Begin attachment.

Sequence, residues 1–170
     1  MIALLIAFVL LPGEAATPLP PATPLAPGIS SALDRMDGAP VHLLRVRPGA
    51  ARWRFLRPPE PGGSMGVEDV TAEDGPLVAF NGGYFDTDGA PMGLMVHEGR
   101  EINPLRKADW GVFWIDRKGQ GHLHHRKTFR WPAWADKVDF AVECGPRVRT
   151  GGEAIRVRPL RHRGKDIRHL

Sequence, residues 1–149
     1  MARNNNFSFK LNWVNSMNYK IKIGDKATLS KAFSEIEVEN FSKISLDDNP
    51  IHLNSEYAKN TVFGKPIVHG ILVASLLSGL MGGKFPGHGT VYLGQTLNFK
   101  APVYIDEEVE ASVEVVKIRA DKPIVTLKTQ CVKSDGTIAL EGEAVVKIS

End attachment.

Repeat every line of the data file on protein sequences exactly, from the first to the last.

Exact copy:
Sequence, residues 1–170
     1  MIALLIAFVL LPGEAATPLP PATPLAPGIS SALDRMDGAP VHLLRVRPGA
    51  ARWRFLRPPE PGGSMGVEDV TAEDGPLVAF NGGYFDTDGA PMGLMVHEGR
   101  EINPLRKADW GVFWIDRKGQ GHLHHRKTFR WPAWADKVDF AVECGPRVRT
   151  GGEAIRVRPL RHRGKDIRHL

Sequence, residues 1–149
     1  MARNNNFSFK LNWVNSMNYK IKIGDKATLS KAFSEIEVEN FSKISLDDNP
    51  IHLNSEYAKN TVFGKPIVHG ILVASLLSGL MGGKFPGHGT VYLGQTLNFK
   101  APVYIDEEVE ASVEVVKIRA DKPIVTLKTQ CVKSDGTIAL EGEAVVKIS